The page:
To Fight or to Love?

A few minutes into our conversation I knew that I was probably not the best fit. Whereas my gifts lie in counseling and soul care–what my pastor friend called a ‘nurturing’ role–he was looking to fill a position with someone more ‘exciting.’ Looking to attract younger folks to his church, especially young families and youth in the city, what this position needs, he said, is a dynamic person who can pull in people with his charisma and vision.

Brett Vaden

As I hung up the phone, all I could think about was how much I’d rather be thought ‘exciting’ than ‘nurturing.’ Although my friend tried his best to minimize the difference and grant both equal value, I can’t help think that most men probably feel the same way I do: a man’s place is to brave danger, ford rushing rivers, climb mountains, and slay dragons, but not to nurture.

What is a man’s place? To Fight or to Love?

Brett Vaden

As I think of all the great men and heroes I admire, it’s clear that the answer is both. All good fighters are also good lovers. If one says he is a fighter and not a lover, then what does he fight for? We only fight because we love. On the other hand, if he says he loves but doesn’t fight, then how can he be anything but a false lover? If we truly love something, then we are willing to fight for it.

By the way, women too are fighters and lovers. Fighting is not essentially masculine, nor is love essentially feminine. Rather, to fight and to love are human traits. (More on the true difference between man and woman in a later post, perhaps.)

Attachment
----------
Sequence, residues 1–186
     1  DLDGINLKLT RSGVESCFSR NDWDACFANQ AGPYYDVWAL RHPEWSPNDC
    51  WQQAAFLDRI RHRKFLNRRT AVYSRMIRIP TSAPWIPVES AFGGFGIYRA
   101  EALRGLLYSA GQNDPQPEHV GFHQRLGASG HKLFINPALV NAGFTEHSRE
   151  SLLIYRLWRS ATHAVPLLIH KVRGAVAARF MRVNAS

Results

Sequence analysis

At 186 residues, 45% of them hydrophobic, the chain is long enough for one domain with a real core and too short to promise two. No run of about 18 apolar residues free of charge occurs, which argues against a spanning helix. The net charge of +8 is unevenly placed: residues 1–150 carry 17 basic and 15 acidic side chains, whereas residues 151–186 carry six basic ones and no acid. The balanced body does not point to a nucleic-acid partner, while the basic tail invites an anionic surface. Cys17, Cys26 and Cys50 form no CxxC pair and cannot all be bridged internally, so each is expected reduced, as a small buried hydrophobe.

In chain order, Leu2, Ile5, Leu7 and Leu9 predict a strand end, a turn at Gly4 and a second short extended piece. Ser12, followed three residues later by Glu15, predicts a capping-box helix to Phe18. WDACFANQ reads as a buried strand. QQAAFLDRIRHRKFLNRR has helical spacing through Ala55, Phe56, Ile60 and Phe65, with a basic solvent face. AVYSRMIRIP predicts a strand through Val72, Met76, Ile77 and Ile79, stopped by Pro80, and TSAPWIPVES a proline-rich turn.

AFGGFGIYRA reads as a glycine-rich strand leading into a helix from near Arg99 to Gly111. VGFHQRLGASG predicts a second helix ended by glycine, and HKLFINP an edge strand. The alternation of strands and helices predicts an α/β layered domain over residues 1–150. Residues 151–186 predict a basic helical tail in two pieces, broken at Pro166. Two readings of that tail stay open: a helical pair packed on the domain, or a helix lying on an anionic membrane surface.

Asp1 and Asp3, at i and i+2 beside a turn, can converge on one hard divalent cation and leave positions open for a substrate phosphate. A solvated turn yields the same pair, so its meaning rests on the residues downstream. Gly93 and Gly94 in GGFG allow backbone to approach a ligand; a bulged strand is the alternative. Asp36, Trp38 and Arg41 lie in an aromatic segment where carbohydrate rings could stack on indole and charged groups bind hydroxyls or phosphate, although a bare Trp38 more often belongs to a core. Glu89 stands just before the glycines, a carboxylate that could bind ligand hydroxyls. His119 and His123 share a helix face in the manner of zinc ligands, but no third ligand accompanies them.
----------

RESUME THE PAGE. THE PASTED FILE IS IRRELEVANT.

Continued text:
Surely my friend had a good point. The practical thing to do if you’re looking to hire a fighter is to find someone who’s already adept at fighting, not someone who’s more adept at healing (or nurturing). If your army has plenty of soldiers with medical expertise but no snipers, then the next recruit ought to be a sniper, not a medic.

Mature Manhood is Both

That said, in 15 years (or sooner), I’d like my friend to think of me differently, or as more balanced, than I currently am. I’d like him to say, “Hey Brett, you know I used to only see you as a nurturer, but now I’m seeing you as something else, too. You’re definitely still calm and collected when you need to be, but you can get wild and go berserk when it’s called for. You’re just as courageous as you are loving.”

That, to me, would be a sign that I’m becoming more fully human. I don’t just want to be somewhat like Jesus, who is the perfect human being. I want to be a lot like him. I want to be a real man, a fighter and a lover.

Brett Brett (39 Posts)

PhD Student in Pastoral Theology at Southern Seminary. Married to Rachael. Father of two girls and a boy. Louisville, KY.

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